What to watch at Penguins' camp
Three camp battles that intrigue Penguins beat reporter Rob Rossi:
GENO'S RIGHT-HAND MAN
Max Talbot scored seven of his eight Stanley Cup playoff goals after replacing Petr Sykora as the right wing on a line with left wing Ruslan Fedotenko and center Evgeni Malkin. However, Talbot will miss all of camp and at least the first month of the regular season while recovering from offseason shoulder surgery. His presumed replacement is winger Pascal Dupuis, whom the Penguins believe can contribute beyond 12 goals and 28 points (regular season), but right-handed shot Tyler Kennedy, a third-line staple the past two seasons, is more Talbot-like in terms of speed and grit.
CHECK HIM OUT
Rugged right wing Eric Godard didn't play in the postseason, though he served his purpose in 71 regular-season games as a feared enforcer who was willing to fight players who took liberties against the Penguins' stars. Still, coach Dan Bylsma favors an up-tempo style, and the strong impression made by gritty forward prospect Dustin Jeffrey in 14 games last season could pave the way for him to compete with Godard for a spot on a checking line that likely will include free-agent acquisition Mike Rupp and winger Craig Adams. Remember, Bylsma knows Jeffrey well from their time together in the first half of last season at Wilkes-Barre/Scranton.
Entering his third full season, defenseman Kris Letang is seeking a long-term contract extension of at least $3 million annually. Management would like to see him become more of a dominant offensive player. Translation: Letang, who scored big goals in the playoffs against the Capitals and Red Wings, can't go stretches of 26 and 16 regular-season games between tallies - not if he wants to stay at the left point on the power play where second-year defenseman Alex Goligoski played in only 45 regular-season games but scored four of his six goals and recorded eight of his 20 points.
Three things Penguins beat reporter Rob Rossi wants to see during training camp:
From winger Luca Caputi. Arguably the organization's top offensive prospect, though the acquisition last season of winger Eric Tangradi has challenged that standing, according to some league scouts. Caputi was demoted from the AHL to the ECHL last season for disciplinary reasons. He is a dark-horse candidate to replace Max Talbot as the right wing on center Evgeni Makin's line and his approach toward camp will be closely monitored.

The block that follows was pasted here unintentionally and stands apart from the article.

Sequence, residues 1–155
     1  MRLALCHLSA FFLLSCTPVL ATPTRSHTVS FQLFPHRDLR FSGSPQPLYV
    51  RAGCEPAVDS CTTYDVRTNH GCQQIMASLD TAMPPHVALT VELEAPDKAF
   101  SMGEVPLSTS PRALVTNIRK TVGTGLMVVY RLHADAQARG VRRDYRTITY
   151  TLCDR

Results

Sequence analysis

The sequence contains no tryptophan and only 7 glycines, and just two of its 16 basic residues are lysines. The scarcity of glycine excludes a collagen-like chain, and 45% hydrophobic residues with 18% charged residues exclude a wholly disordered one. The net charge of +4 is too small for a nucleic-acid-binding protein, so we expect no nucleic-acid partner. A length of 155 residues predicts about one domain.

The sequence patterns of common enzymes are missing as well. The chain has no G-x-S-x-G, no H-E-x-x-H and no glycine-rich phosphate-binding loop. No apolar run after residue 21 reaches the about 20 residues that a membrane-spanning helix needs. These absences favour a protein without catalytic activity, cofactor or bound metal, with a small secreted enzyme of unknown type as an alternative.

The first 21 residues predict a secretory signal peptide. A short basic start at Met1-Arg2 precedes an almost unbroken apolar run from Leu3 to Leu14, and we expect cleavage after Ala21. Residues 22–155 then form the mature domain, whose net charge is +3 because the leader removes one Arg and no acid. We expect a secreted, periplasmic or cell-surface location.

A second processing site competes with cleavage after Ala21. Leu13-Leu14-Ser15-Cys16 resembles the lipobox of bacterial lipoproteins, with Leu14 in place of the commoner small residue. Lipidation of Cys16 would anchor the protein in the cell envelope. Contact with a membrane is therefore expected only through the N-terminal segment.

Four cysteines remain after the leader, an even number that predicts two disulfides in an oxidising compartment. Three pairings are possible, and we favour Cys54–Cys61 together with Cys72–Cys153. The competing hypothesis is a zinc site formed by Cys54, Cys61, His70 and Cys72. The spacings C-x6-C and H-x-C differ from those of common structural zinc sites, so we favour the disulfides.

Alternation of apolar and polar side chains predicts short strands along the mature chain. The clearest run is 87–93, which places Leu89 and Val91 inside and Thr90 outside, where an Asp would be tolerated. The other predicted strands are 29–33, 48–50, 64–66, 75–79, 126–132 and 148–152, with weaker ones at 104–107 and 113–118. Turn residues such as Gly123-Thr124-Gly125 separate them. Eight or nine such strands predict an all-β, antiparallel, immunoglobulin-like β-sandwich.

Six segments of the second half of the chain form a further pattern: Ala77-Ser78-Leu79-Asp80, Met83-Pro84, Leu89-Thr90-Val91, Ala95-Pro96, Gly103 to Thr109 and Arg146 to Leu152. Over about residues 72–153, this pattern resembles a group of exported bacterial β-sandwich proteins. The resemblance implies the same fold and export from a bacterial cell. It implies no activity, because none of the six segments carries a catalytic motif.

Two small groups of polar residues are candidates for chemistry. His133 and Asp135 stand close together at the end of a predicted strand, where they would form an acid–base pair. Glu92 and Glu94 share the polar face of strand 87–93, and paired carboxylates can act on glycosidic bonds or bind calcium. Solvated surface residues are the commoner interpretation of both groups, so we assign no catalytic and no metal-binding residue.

From center Jordan Staal. Head coach Dan Bylsma called him the Penguins' best player during the final three games of the Stanley Cup Final. Entering his fourth season, Staal must realize he can contribute offensively like he does defensively. He can be a force in the opponent's end every game. A 30-goal/75-point season with Selke Trophy consideration is not unthinkable.
Of the players' workload from the coaching staff. The Penguins have played in 208 games over the past 23 months, including 44 grueling playoff games and a 10-day European trip to start last season. Minutes-eaters Malkin and Staal have not missed a game, while defenseman Brooks Orpik missed only seven. Top-line winger Bill Guerin will turn 39 during the season. Defenseman Sergei Gonchar, coming off an injury-plagued season, will turn 36 - and he, Orpik, Malkin and captain Sidney Crosby are locks to play at the Vancouver Olympics in February. Camp is no time to skate the boys ragged.
Show commenting policy
TribLive commenting policy
You are solely responsible for your comments and by using TribLive.com you agree to our Terms of Service.
We moderate comments. Our goal is to provide substantive commentary for a general readership. By screening submissions, we provide a space where readers can share intelligent and informed commentary that enhances the quality of our news and information.
While most comments will be posted if they are on-topic and not abusive, moderating decisions are subjective. We will make them as carefully and consistently as we can. Because of the volume of reader comments, we cannot review individual moderation decisions with readers.
We value thoughtful comments representing a range of views that make their point quickly and politely. We make an effort to protect discussions from repeated comments either by the same reader or different readers.
We follow the same standards for taste as the daily newspaper. A few things we won't tolerate: personal attacks, obscenity, vulgarity, profanity (including expletives and letters followed by dashes), commercial promotion, impersonations, incoherence, proselytizing and SHOUTING. Don't include URLs to Web sites.
We do not edit comments. They are either approved or deleted. We reserve the right to edit a comment that is quoted or excerpted in an article. In this case, we may fix spelling and punctuation.
We welcome strong opinions and criticism of our work, but we don't want comments to become bogged down with discussions of our policies and we will moderate accordingly.
We appreciate it when readers and people quoted in articles or blog posts point out errors of fact or emphasis and will investigate all assertions. But these suggestions should be sent via e-mail. To avoid distracting other readers, we won't publish comments that suggest a correction. Instead, corrections will be made in a blog post or in an article.